Our good friends at the Tourism Industry Blog have added an interesting new post by hospitality and tourism consultant James Hacon that recounts his recent stint at the coalface by looking after a motel for a few days.

James compares a motelier's role to hotel management and discovers the challenging differences being quite an eye opener. Click HERE to link to the post...

Friday, September 23, 2011

Will Kevin Rudd Use

I was amused that got some unexpected bonus promotion in the Australian MSM, when an Opposition MP lampooned Kevin Rudd's exorbitant overseas travel expenses by suggesting:
"We are public officials, we should be doing our best," he said. "I say to Kevin Rudd, go to and look for a red-hot special."

Thursday, September 22, 2011

Motel Broker Speaks Out

I see that Malcolm Teesdale, a budding hospitality broker based in Cambridge has written an advertorial piece in last night's Waikato Times and has touched upon the state of play within the motel industry.

According to Teesdale "tough economic times have brought a switch of focus for the motel industry from a preoccupation with luring overseas tourists to the needs of repeat Kiwi visitors". I personally can't remember a time when the motel industry were targeting the overseas market and it's comical to think that motels within Teesdale's Waikato patch were once supposedly focused on overseas tourists as the domestic market has always remained dominant.
Property brokers often avoid disclosing "rules of thumb" as most commercial properties have unique qualities and regions can differ substantially. There is also the risk of raising unrealistic buyer expectations. 

I have to question some of the "averages" that Teesdale has published and wonder about the quality and scale of the data that was used. Throughout the article, it is often not clear to the reader if Teesdale is discussing nationwide trends or specific micro data occurring within his own region. While the article may stimulate buyer interest and some debate, I suspect that moteliers with property listings for sale may not be so happy. 

When Teesdale comments about the length of time for a motel property to sell, I wonder just how many "very good motel properties" have sold in "around three months" and how many "good" properties have taken six months?
I also wonder if the Teesdale's claimed return on the purchase of a motel lease of "25 per cent to 30 per cent" is rather optimistic if this is to be used as a general guide?  
The return to the landlord of between 6 per cent to 8 per cent on investment would appear to be close enough, however landlords are probably of the expectation that this should be marginally higher.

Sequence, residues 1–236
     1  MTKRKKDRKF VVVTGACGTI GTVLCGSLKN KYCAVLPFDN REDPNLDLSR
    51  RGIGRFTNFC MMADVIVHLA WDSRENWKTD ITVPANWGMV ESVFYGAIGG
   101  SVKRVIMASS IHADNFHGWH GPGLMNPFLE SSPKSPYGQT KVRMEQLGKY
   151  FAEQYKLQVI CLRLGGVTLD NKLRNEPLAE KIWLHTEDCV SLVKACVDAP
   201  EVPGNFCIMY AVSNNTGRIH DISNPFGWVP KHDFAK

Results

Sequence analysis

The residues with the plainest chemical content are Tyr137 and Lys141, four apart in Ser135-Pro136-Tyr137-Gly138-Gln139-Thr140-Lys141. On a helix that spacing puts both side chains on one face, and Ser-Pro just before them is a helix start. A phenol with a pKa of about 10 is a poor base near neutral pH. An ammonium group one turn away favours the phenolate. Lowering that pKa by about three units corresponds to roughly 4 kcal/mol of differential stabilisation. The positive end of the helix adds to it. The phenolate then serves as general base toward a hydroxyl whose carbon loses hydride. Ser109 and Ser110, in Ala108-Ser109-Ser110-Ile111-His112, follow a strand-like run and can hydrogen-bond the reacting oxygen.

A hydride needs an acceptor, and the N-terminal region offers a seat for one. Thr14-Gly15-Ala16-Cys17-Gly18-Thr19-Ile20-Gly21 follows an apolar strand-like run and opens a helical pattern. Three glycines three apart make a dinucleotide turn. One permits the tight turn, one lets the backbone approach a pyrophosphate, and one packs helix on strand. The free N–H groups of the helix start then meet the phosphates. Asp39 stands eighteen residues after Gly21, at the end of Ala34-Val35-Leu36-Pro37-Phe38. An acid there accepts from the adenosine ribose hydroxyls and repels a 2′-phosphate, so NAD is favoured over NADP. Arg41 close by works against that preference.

Teesdale repeats the old adage that often gets repeated within the motel industry; the third/third/third rule of thumb. This is when a motel's revenue is allocated - one third of for rent, one third for maintenance and expenses, and one third for operator income. This formula seems to have held reasonably true for many years.

A formula that gives an indication of a motel lease valuation is given by a calculation of multiples between three and five of the operating surplus, depending on location, economic climate and the desirability of the property.

Comments that "contractors were looking for room rates under $100 a night and the travelling public resisted prices of more than $115 to $120 a night" were an interesting perspective that would appear to be more specific to the region that Teesdale may operate in.

Teesdale does offer some comforting words that would appease some motel clients listing property:
The leasehold market was improving daily through a combination of the banks "cleaning up their books and perhaps getting a little realism into the vendor market at the same time".
"But the reality is a lot of people have recognised, particularly over the past two years, that having a lot of capital invested in a residential property, which is earning nothing, may be not wise."
Leasing a motel offered a combined home and business, often for not much more than they would realise on the sale of their house, he says.
"Most of your living expenses are covered by the business and a good motel provides a very good income."
I suggest that you read the article HERE, as there are many good points that are open for discussion.

Overall the article has to be taken positively and we should appreciate that someone that dabbles in the motel industry is willing to share his opinions and observations.

Motel Meal Times With Nigella

One of the frustrations of running a motel is meal times.